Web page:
The Fortress Cliffs property is located about 15 miles southeast of Amarillo in Randall and Armstrong Counties, sharing seven miles of boundary with the state park. The acquisition will protect ecologically significant break, cliff face and rim rock habitat, as well as High Plains shortgrass prairie, and transitional brush and slope habitats, all of which are important for the wildlife and ecology of the region. After the acquisition, the park will comprise 29,187 acres, with the new tract making up almost 10 percent of the total.
"The Palo Duro Canyon embodies Texas' sense of place and spirit like few other areas in the state," said Nan McRaven, Texas State director for The Trust for Public Land. "We're honored to help protect the unique views here and preserve an iconic symbol of the American west for the public to continue to enjoy."
The previous owners of Fortress Cliffs Ranch, Kim and Brenda Gaynor, spent many hours and invested a substantial sum of money on the ranch to clear brush species, stimulate grass and forbs production and enhance the wildlife habitat. The range condition has improved dramatically through a less intensive cattle grazing management program and an extremely wet year in 2007.
When TPW Commissioner Mark Bivins of Amarillo and other local leaders became aware of the possibility that the ranch would be developed they visited the ranch to meet with the Gaynors, accompanied by various partner representatives.
"We had known the ranch was on the market for some time and we were informed that the potential of it being sold to a developer was getting stronger and stronger," Bivins said. "My hat's off to The Trust for Public Land, the Parks and Wildlife staff, and to the brokerage Orvis/Cushman & Wakefield-they managed to pull off a daunting and complicated conservation achievement."
"This acquisition helps prevent development from disturbing the natural beauty in and around the canyon," said Wales H. Madden, Jr., longtime Amarillo civic leader and past president of the Texas Panhandle Heritage Foundation. "Neighboring development is compromising views of certain parts of the rim. We're resting easier knowing that this portion of the viewshed is safe."
As a result of the Gaynor's stewardship, wildlife diversity and abundance on the ranch are excellent, including populations of blue quail, bobwhite quail, Rio Grande turkey, bobcat, mule deer, white-tailed deer, coyote, roadrunners, skunks, rabbits and songbirds.
The property includes a three-acre lake on the tract's east side, recently deepened for livestock watering and stocked with bass. Tub Springs is an intermittent natural spring located in the canyon rim, draining to the Prairie Dog Town Fork of the Red River.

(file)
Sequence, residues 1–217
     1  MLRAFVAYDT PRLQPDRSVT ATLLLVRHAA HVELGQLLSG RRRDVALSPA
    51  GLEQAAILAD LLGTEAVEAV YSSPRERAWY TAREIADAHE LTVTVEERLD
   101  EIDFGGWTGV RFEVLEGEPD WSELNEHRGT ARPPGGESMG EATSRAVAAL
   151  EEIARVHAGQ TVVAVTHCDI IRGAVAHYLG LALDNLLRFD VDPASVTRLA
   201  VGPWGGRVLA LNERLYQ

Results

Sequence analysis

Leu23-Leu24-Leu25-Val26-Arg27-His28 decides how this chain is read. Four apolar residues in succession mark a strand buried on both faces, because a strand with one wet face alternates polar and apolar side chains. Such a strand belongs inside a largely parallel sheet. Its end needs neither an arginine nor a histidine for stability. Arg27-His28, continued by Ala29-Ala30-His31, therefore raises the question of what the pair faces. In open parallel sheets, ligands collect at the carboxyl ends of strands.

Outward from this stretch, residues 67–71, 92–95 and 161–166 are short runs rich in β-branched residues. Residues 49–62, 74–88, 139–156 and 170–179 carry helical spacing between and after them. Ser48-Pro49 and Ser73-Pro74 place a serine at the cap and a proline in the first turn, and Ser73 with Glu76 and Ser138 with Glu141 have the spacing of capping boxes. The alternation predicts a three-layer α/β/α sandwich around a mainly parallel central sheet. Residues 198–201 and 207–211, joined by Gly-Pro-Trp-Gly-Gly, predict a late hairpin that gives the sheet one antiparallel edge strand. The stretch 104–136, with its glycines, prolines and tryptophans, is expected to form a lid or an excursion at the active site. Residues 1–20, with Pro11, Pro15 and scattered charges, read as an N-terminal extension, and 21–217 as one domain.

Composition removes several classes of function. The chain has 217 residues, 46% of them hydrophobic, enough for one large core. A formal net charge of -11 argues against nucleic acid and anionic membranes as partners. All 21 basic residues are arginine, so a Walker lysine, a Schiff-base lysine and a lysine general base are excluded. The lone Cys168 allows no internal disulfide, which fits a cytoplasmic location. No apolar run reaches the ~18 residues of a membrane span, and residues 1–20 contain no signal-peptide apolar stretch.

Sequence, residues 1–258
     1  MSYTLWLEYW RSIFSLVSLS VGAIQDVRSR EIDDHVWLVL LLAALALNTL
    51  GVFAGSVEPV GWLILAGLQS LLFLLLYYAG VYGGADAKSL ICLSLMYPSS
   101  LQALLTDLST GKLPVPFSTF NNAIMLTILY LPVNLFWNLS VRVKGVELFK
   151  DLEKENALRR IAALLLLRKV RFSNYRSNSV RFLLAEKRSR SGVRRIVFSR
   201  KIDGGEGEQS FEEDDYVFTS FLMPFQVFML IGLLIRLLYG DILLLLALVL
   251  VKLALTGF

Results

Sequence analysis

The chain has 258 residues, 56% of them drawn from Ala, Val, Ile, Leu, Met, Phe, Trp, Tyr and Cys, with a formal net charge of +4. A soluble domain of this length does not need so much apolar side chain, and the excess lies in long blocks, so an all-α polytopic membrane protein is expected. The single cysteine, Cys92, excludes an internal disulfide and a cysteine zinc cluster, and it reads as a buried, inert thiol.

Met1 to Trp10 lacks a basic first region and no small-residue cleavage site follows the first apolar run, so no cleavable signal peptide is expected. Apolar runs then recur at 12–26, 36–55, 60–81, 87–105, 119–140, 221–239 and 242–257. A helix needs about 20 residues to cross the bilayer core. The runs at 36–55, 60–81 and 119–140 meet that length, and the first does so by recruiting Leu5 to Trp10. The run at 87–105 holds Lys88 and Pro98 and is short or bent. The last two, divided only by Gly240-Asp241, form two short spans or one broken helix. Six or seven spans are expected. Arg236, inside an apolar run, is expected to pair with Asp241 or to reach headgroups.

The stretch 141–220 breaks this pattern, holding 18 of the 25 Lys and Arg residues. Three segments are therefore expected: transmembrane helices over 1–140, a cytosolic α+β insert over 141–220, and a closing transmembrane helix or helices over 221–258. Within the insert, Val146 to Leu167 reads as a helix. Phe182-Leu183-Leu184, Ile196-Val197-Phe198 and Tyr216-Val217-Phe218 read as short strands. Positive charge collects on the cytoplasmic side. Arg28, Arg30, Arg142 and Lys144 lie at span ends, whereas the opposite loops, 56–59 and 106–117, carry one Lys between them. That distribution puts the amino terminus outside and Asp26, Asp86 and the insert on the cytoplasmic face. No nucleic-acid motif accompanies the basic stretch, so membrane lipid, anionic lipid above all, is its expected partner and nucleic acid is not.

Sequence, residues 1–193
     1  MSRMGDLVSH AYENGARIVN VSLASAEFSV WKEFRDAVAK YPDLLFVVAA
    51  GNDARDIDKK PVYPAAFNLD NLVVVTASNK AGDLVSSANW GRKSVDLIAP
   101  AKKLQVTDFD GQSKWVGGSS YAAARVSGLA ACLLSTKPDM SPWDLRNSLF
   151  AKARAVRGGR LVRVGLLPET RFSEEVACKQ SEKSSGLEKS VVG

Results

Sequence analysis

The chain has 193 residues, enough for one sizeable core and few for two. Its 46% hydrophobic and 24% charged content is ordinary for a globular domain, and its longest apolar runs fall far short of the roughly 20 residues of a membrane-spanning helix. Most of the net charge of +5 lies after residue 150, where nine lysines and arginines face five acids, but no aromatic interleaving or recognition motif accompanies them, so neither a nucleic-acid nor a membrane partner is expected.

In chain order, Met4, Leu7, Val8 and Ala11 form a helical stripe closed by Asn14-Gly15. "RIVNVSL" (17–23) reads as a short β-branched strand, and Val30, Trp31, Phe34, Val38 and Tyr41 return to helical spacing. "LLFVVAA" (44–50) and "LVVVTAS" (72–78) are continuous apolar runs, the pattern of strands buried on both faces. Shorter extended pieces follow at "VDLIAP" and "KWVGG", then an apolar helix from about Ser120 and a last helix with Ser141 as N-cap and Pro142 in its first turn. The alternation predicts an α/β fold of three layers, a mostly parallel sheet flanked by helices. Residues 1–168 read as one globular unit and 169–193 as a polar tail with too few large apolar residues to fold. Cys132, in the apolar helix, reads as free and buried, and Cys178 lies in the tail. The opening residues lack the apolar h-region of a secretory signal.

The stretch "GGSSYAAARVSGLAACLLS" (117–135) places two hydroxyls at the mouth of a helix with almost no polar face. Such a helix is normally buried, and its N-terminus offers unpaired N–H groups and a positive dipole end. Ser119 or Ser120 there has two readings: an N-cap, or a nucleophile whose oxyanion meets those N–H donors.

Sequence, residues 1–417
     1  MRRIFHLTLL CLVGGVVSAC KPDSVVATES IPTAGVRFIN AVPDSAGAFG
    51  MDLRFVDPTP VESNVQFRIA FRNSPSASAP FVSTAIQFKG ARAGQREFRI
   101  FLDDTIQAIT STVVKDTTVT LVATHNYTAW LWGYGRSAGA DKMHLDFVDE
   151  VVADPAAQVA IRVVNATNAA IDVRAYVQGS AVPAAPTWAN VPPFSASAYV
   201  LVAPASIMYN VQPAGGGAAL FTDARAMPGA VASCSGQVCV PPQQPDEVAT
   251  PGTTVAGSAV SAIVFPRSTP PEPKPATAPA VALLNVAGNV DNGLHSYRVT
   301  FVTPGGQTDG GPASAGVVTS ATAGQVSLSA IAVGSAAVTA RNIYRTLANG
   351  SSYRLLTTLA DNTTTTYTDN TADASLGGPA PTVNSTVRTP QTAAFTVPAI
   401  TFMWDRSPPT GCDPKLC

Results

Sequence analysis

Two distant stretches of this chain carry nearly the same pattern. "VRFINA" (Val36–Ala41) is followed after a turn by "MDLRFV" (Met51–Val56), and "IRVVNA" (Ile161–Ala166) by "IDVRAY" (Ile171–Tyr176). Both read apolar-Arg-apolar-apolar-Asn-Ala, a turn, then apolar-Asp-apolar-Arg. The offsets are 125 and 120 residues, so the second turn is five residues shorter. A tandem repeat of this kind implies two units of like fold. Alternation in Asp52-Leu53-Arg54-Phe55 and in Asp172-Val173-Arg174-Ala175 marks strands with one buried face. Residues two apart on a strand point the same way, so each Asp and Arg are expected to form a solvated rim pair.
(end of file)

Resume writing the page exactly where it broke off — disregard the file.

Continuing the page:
The steep margins of the Fortress Cliffs consist of bright, banded layers of orange, red, brown, yellow, and white rocks that represent four geologic periods in a time span of more than 240 million years. Fossils of long-extinct animals and plants have been found embedded in the rock layers. Adding to the site's scenic grandeur are numerous pinnacles, buttes, and mesas.
A thorough cultural resource review needs to be completed on the property. A significant number of archeological sites have been recorded in and around Palo Duro Canyon, including the remains of human habitations throughout the past 12,000 years. Five general culture periods are recognized for the region, all with distinctive human cultural aspects, such as large game kill sites, butchering locales and caches.
The property will eventually be accessible to the public for recreational use such as hiking, although it's too early to say what might be possible and when. The park staff will develop a plan proposing management and use of the tract, integrating it into existing resource management and public use plans. The planning process will take months, and will involve input from the public and various stakeholders.
About Texas Parks and Wildlife Department (http://www.tpwd.state.tx.us/)
Texas Parks and Wildlife works to manage and conserve the natural and cultural resources of Texas and to provide hunting, fishing and outdoor recreation opportunities for the use and enjoyment of present and future generations. This includes managing 93 state parks and 51 wildlife management areas. In addition, fisheries and wildlife biologists offer technical assistance to private landowners, and game wardens enforce laws to protect wildlife and the environment and safeguard people and property.
About The Trust for Public Land (http://www.tpl.org/)
The Trust for Public Land is a national nonprofit dedicated to conserving land for people to enjoy as parks and open space. Since 1972, TPL has conserved more than 2.5 million acres of land nationwide. In Texas, TPL has protected more than 32,000 acres for communities, including areas in and around Arlington, Austin, Dallas, Denton, Houston, Corpus Christi and San Antonio. TPL depends on the support and generosity of individuals, foundations and businesses to achieve its land for people mission.
Palo Duro Canyon State Park is located about 12 miles east of Canyon on State Highway 217. Entry fees are $4 per day for adults, free for children under age 13. For more information, contact the park at (806) 488-2227